reminder of the massacre of Algerians in Paris in 1961 – .

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reminder of the massacre of Algerians in Paris in 1961 – .


Algae (AFP)

Rabah Sahili had just turned 19 when he arrived in central Paris for a peaceful protest by Algerians 60 years ago.

What he witnessed, he told AFP in an interview, was police savagery in a crackdown that has left dozens and possibly up to 200 dead, historians estimate. The official death toll at the time was three.

President Emmanuel Macron on Saturday condemned as “inexcusable” the crimes committed on October 17, 1961.

“The police and gendarmes displayed excruciating brutality. They were raging to do harm, ”Sahili said, his voice broken.

More than 30,000 Algerians had gathered to protest in Paris against the decision to impose a curfew only on the French Algerian minority in the country.

The rally was called in the last year of France’s increasingly violent campaign to retain Algeria as a North African colony. This coincided with a bombing campaign targeting mainland France by pro-independence activists.

On Saturday, Algerian President Abdelmadjid Tebboune announced that a minute of silence would be observed the next day – and every October 17 to commemorate the “martyrs” of the events of 1961.

Some have been shot. Others saw their bodies thrown into the Seine.

The separatist National Liberation Front (FLN) called on Algerian migrants from the western suburbs of the capital to gather in an emblematic square in Paris.

Other demonstrations were planned elsewhere in the city, and 10,000 police and gendarmes were deployed.

Sahili was arrested as he got off a train arriving in Paris from Hautmont in the north, where he and his parents had lived for years.

“We had to meet at Place de l’Etoile to start our peaceful demonstration. We had only one task: to make sure that none of the protesters had blunt instruments, ”he said.

Rabah Sahili says his cousin broke his leg from police beatings as he tried to protect him Ryad KRAMDI AFP

– ‘It was wild’ –

“I was with a cousin when the police came across us. Because he was stronger, he tried to protect me, but he received an avalanche of blows with a stick and a baton which broke his leg, ”recalls Sahili.

He said people were being detained solely on the basis that they appeared to be Algerians.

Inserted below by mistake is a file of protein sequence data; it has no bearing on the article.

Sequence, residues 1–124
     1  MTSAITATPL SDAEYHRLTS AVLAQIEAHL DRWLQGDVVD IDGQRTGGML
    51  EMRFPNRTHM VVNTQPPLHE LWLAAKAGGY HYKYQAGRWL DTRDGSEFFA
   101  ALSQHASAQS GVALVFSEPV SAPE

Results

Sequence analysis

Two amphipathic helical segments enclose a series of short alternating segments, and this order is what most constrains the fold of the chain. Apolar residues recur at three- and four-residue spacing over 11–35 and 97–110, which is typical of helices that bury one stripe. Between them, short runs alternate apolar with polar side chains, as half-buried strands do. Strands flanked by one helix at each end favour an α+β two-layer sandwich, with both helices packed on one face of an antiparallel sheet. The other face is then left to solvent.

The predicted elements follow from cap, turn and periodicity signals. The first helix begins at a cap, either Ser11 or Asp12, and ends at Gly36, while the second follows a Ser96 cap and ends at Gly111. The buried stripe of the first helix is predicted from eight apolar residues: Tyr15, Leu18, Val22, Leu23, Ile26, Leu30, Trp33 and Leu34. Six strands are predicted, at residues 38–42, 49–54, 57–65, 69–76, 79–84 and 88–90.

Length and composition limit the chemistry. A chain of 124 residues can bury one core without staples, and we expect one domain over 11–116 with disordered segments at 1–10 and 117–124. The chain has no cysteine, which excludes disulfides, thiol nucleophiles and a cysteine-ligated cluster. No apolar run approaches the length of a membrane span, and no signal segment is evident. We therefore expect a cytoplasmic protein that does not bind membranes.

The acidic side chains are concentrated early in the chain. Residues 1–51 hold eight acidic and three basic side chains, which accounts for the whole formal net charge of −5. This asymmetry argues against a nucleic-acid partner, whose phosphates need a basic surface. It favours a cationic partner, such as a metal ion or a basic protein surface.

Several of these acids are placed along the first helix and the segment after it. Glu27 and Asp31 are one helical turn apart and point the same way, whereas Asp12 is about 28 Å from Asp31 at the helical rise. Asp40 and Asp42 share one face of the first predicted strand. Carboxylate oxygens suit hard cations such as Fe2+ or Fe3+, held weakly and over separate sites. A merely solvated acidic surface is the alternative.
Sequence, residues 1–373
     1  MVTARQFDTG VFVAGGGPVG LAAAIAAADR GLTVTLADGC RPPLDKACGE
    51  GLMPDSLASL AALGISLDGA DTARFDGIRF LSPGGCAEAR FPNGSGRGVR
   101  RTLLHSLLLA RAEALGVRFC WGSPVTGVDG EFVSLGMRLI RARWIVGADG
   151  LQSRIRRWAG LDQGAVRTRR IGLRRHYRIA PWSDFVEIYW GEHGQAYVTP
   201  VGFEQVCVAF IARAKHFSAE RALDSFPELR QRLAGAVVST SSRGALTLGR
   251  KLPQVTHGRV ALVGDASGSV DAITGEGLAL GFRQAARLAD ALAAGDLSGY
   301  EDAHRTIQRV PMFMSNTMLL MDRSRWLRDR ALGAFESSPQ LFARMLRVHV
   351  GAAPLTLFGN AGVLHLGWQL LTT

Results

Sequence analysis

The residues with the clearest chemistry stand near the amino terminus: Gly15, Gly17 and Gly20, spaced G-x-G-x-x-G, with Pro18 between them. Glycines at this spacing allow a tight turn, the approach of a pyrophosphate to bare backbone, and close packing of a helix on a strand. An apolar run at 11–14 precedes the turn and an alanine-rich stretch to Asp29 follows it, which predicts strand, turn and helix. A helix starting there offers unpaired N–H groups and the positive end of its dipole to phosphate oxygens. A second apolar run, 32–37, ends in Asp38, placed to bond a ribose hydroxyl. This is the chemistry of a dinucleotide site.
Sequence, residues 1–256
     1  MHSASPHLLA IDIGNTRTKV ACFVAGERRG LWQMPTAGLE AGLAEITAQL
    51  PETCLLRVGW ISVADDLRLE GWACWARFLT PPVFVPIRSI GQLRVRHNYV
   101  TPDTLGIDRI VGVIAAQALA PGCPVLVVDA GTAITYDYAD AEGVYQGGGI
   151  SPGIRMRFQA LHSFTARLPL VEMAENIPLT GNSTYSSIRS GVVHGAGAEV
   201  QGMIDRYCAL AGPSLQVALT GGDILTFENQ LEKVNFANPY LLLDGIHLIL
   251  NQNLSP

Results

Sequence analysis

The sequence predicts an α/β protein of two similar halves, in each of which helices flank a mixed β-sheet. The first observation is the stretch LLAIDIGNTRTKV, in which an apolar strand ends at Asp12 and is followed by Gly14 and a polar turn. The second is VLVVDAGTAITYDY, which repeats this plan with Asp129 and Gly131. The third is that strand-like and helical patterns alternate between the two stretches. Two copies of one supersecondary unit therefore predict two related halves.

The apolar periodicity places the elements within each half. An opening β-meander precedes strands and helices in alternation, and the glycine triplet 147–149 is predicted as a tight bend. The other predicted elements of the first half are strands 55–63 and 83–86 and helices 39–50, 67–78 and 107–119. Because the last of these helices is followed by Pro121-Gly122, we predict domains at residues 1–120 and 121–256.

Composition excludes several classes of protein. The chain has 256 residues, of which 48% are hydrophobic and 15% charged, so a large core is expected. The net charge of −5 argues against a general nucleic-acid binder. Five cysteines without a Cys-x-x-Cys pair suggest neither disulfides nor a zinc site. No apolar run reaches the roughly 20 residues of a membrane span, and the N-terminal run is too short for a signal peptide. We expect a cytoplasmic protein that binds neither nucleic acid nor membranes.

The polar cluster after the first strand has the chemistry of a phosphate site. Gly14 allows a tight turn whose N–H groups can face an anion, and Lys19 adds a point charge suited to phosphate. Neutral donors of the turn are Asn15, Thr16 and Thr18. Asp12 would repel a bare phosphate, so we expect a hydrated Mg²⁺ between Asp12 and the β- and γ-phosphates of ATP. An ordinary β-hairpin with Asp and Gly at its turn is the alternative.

“All Algerians leaving the metro were arrested … even some Italians, Spaniards and South Americans” were detained, he continued.

He noted that the police and gendarmes were acting on firm instructions to target French Algerians.

Sahili said they were all driven “with batons” to a nearby parking lot, while trying to avoid being hit on the head.

“They had such ferocity… It was savage, no more, no less,” said the former FLN member.

“At midnight, we were transferred to the Sports Palace, where we stayed for three days, under the surveillance of the police and the harkis (auxiliary forces),” he said.

The 9,000 people who Sahili said were being held in the sports dome were only offered a bottle of water and a snack.

Then they were taken to a “sorting center” in the suburbs.

– ‘Glacial cold’ –

“The camp was devoid of absolutely all services: no beds, no toilets. We were sleeping on the floor in freezing cold, ”Sahili said.

“I stayed there for a fortnight before I was allowed to go home.

“During the arrests, I saw about twenty people lying on the ground bleeding near the Place de l’Etoile. There were a lot of police and they were behaving like ferocious beasts, ”he said.


Bodies were thrown into the Seine, here illuminated in red after a ceremony commemorating the brutal repression of October 17, 1961 JULIEN DE ROSA AFP

“Algerians were also thrown, some alive, into the Seine by the police, but we will never know the exact number of bodies carried away by this river,” Sahili recalled.

According to him, even before the events of October 17, a good number of Algerian activists “found themselves in the waters of the Seine” during police raids.

He recalled having participated in the rescue of a young activist thrown into the Seine, affirming that he had been found “at the last minute” and would have died without his youth and his health.

After Algerian independence in 1962, Sahili stayed in France for another two years before returning to his home country, where he made a career with the national airline Air Algeria.

For decades, French authorities covered the events of 1961, but Macron was the first president to attend a memorial for those who died on the day Sahili cannot forget.

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